Commentary / World

Australia's China policy adrift

by Gregory Clark

Animals play quite a role in Australia’s up-and-down relations with China. A generation ago an Australian foreign minister explaining why Canberra continued to oppose relations with Beijing said that “before you pat a dog you have to make sure it will not bite you.”

Now more than 40 years later Beijing’s Global Times tabloid has hit back. Canberra with its criticisms of China’s advance into the South China Sea “is not even a ‘paper tiger,’ it’s only a ‘paper cat’ at best.” It also has an inglorious history of aborigine suppression and so on.

The trigger for this surprising torrent of abuse against a one-time “strategic partner” is the way Canberra has joined with Japan and the United States in opposing China’s efforts to convert seven isolated shoals and reefs in the South China Sea into islands with harbors, airfields and even tourist facilities.

The three nations have supported a ruling by the Permanent Court of Arbitration (PCA) in The Hague favoring an appeal by Manila against those Chinese island reclamation efforts in the Spratly chain close to the Philippines. The U.S. seeks support from both Canberra and Tokyo for its aggressive freedom of navigation (FON) activities challenging China’s claims not just to ownership but also to 12 nautical mile territorial waters around those artificial islands.

Some hypocrisy is involved in this criticism of Beijing’s behavior. Japan used to claim ownership of both the Paracel and Spratly island chains in the South China Sea. In its 1952 peace treaty with Taiwan it said it abandoned that claim, presumably in favor of China.

Japan now insists that neither “China” — either in Beijing or Taipei — has ownership. It criticizes Beijing’s claim to a 200 nm exclusive economic zone around reclaimed “islands.” Yet it imposes, forcefully, an identical zone around its claimed Okinotorishima “island” in the distant Pacific, which consists of two bed-size rocks now embedded in concrete and serve as a precedent for Beijing’s reclamation activities. It even tries to use the “island” to make a continental shelf claim equal to an area the size of Japan itself.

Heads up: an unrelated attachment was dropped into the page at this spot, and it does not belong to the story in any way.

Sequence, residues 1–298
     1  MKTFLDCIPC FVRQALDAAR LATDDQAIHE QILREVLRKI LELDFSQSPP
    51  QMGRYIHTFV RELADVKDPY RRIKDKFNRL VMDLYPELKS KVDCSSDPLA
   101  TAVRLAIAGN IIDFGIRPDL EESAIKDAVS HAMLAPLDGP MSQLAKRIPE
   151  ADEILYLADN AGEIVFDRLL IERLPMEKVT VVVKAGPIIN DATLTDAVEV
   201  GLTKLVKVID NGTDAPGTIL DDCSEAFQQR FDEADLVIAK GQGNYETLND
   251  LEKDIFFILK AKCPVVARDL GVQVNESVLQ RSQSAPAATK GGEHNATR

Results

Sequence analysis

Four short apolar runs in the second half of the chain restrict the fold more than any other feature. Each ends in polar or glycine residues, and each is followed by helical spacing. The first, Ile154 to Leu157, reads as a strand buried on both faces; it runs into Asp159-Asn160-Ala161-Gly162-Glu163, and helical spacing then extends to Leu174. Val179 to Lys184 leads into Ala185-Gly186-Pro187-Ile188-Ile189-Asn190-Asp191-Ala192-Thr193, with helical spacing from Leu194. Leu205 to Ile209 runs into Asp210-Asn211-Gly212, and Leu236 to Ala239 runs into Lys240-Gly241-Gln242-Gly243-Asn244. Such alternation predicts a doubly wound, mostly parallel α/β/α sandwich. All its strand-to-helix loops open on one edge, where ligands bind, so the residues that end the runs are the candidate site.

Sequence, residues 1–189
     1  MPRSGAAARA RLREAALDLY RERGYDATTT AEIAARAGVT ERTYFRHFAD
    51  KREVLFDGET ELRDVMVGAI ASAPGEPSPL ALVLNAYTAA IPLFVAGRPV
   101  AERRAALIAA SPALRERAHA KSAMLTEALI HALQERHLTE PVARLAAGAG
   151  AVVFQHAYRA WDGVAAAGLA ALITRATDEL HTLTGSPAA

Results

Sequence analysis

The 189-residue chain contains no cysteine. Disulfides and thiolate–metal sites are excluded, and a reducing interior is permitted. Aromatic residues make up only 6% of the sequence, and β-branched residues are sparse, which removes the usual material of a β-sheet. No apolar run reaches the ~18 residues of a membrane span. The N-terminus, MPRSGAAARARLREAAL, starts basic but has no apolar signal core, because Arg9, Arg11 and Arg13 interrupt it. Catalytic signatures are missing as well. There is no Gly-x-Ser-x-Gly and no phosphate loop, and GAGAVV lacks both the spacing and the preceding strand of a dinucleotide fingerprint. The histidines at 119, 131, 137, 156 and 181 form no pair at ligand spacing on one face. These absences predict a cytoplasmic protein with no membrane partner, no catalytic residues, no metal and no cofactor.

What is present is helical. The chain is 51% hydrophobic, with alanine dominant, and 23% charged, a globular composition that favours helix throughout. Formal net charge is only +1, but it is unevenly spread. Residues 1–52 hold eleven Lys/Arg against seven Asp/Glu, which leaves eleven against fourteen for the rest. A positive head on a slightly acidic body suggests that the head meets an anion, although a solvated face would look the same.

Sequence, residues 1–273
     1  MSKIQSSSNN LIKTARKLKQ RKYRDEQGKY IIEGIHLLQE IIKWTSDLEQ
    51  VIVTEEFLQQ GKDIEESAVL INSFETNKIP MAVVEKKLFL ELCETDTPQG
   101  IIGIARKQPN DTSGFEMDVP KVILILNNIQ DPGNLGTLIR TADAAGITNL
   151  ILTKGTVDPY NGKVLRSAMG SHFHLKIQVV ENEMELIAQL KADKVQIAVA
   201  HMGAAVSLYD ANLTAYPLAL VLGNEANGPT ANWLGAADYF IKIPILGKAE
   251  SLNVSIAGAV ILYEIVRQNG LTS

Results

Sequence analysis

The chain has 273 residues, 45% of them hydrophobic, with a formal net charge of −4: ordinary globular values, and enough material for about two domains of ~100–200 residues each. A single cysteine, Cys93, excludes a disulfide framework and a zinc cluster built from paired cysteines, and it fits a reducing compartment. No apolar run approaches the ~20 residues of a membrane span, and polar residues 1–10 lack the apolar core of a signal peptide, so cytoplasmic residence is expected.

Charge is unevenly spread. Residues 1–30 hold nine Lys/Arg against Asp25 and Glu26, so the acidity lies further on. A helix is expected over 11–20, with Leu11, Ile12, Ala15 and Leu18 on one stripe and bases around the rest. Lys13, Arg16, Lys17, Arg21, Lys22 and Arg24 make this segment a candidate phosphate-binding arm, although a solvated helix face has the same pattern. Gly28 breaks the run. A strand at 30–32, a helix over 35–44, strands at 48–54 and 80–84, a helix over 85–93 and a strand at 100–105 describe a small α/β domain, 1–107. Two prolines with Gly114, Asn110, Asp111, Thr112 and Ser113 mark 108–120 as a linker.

Canberra supports the PCA dismissal of island claims by both Beijing and Taipei based on prior discovery and usage. Yet on the basis of alleged prior discovery Canberra insists on ownership of Christmas Island and the Cocos Islands far from Australia and close to Indonesia. The U.S. record in cooperating with the United Kingdom to expel the native population of the small Indian Ocean island of Diego Garcia to create a major military base far exceeds the illegality of anything Beijing or Taipei may be doing in the South China Sea.

Hypocrisy aside, the Canberra-Beijing spat is extraordinary. In the immediate postwar years the hatred that Canberra had reserved for Japan was quickly transferred to China; Yellow Peril fears had long dominated Australia’s attitudes to its northern neighbors. Its 1965 decision not just to intervene in the Vietnam War but to even insist that the U.S. continue its intervention was based on a visceral fear that North Vietnam was a puppet of China and that Beijing was using it to spearhead an expansion into Asia in the direction of Australia. (In 1964 I was sole witness to a bizarre attempt in the Kremlin by Canberra’s foreign minister, Paul Hasluck, the author of the Beijing dog analogy, to persuade Moscow to join the U.S. in Vietnam to stop that feared Chinese invasion.)